Scoggin: "Post-season, trying to make Olympics trials. I'm sure that is everyone's goal, that's why we stay and train in the summer. Post graduation, I'm looking for a job. I'm a risk management major, so trying to get out into the corporate world and experience new things." 

Maurer: "I'm looking at trials [in June and July] to be my last meet. I'd liked to end it on a good note there."

Knauss: "When I graduate, my intention is to do one of two things. I'd like to work in government, that's my degree. Hopefully something like that goes through, but I've recently been applying for a lot of jobs within athletics. Considering that a lot of us make athletics our lives, it's only fitting for when you get out that you want to work with athletes. Furthering their experience."

Q: What does it feel like to be a senior and have this be your last season?
Rowe: "It feels weird to finally be the role models and head of the team. It's a lot different and you just feel a lot different. You have more of a presence on the team."

Scoggin: "It's crazy seeing everything transform. Starting out with one group of kids and watching everyone change. Here we are, where we thought we would never be at senior year. Looking back at freshman year, I didn't think all of us were going to make it. It's surreal, but it's definitely happening. It's cool to be in this position.

"You see so many people go through it, and you think 'Oh wow, that's going to be me next year,' and it actually is you. You know you've made it, you've done it."

Maurer: "It's exciting, it's been a long journey. It'll be bittersweet to see it end, but it'll be exciting to see what comes next and what the future holds."

Knauss: "It's scary. Even though it's six months away, every day feels like you're going to be thrown into the real world. Even the college atmosphere and the college athletics [background,] it's difficult to imagine myself rising to the occasion."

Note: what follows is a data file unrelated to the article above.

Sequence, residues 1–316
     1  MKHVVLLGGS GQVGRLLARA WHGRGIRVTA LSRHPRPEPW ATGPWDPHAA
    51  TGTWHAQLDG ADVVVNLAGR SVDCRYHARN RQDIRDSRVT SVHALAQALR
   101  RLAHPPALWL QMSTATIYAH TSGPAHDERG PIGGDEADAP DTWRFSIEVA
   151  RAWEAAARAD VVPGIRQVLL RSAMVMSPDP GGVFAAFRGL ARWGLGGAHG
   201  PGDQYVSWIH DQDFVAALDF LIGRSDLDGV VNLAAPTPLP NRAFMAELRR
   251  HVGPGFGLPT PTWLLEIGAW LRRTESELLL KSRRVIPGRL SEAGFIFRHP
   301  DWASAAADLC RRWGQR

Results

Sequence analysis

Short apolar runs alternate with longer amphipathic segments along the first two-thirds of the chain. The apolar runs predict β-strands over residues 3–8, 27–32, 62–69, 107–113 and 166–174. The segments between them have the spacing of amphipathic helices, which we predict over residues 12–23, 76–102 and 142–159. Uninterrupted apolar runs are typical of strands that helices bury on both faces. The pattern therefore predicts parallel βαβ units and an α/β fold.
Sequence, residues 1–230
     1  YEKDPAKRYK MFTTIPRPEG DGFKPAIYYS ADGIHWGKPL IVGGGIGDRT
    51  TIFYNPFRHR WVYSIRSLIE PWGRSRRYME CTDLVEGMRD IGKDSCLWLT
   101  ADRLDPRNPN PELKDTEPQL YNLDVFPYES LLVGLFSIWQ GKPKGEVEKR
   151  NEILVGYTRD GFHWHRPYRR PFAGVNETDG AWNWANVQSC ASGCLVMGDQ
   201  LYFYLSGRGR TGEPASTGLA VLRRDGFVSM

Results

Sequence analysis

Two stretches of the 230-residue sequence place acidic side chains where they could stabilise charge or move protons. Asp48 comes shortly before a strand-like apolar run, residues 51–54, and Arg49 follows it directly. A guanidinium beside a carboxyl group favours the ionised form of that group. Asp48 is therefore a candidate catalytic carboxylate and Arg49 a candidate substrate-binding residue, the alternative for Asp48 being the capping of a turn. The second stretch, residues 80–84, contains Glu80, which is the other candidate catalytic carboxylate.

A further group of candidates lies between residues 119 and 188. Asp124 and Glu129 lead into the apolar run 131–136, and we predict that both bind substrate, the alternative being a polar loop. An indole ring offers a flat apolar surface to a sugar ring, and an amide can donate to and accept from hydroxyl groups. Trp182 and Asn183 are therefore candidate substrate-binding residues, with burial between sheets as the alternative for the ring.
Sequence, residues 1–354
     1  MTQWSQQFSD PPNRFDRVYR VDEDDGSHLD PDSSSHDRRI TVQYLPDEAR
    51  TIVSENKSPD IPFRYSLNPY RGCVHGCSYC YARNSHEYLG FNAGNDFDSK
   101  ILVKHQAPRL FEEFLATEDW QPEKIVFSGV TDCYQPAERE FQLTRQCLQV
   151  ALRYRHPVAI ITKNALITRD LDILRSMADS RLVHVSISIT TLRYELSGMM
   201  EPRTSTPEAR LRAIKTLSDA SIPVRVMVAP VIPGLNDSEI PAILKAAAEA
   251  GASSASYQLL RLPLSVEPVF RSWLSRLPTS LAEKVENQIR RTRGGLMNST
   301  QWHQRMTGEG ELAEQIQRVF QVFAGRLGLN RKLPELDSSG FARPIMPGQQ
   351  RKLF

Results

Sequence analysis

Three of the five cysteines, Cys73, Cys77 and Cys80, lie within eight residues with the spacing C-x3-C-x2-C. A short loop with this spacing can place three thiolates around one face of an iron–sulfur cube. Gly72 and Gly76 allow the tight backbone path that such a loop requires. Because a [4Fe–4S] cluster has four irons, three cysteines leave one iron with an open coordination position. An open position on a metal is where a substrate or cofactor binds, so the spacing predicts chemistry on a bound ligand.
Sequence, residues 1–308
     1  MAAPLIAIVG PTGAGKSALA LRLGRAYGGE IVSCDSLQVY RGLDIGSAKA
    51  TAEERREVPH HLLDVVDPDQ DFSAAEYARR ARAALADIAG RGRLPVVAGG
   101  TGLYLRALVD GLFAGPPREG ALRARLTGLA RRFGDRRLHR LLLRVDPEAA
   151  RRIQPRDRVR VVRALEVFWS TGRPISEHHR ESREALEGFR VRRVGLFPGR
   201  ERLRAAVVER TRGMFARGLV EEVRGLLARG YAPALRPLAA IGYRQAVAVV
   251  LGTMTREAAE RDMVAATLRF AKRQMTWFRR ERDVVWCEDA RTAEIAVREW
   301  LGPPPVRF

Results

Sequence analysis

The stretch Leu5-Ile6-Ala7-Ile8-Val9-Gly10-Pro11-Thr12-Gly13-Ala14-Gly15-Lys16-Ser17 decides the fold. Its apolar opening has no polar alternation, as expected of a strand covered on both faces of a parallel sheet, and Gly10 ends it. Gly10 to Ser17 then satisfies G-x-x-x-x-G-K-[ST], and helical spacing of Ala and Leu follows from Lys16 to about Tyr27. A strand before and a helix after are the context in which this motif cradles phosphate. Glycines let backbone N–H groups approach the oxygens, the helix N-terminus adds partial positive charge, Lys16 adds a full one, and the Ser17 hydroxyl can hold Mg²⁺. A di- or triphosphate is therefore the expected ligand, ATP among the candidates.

Francis Earns Top Spot in NCAA

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11497050.jpegBy Michele Jaroszewksi, Student Staff Writer
UNIVERSITY PARK, Pa. - Casey Francis turned in a record-setting performance over the weekend as she touched first in the women's freestyle mile race during the men's and women's swimming and diving invitational where the Nittany Lions swept UConn and Princeton at McCoy Natatorium.

Francis had a strong lead throughout the entire race, finishing at 16:05.37 and breaking the Penn State and McCoy Natatorium record. Her training partner, Katelyn Sowinski, was right behind her touching second at 16:25.78. The two swimmers now have the fastest times in the country so far, with third place belonging to Minnesota swimmer Sam Harding at 16:36.33.

"This week was a really hard week in practice, but I felt good the whole week and felt confident going into the meet," Francis said. "I thought I was going to do somewhere close to my best time, but didn't know that it was going to be that fast."

Earlier that event, Francis referred to the updated times on the board and saw that the fastest pool record time for the mile was 16:21. With that time in the back of her mind, she knew that she needed to be as fast or a little better.

"I thought, 'Ok, that's a pretty fast time,'" Francis said. "I was hoping for a 16:21 or better, and then to look up at the board and see a 16:05, I was just in shock."

With the mile race being the longest competition of the entire weekend, Francis said that this was nothing compared to other races she has competed in. Francis participates in open water swimming that has 5k and 10k races.

"The 10k takes [about] two hours," Francis said. "When we practice, we are practicing for two hours straight. So 16 minutes wasn't that bad."

When it came down to the actual competition, Francis said she felt at home being in lane five. This lane is special to Francis, for it is the lane she practices in everyday. During those practices, Francis and Sowinski work hard in preparation for races such as this.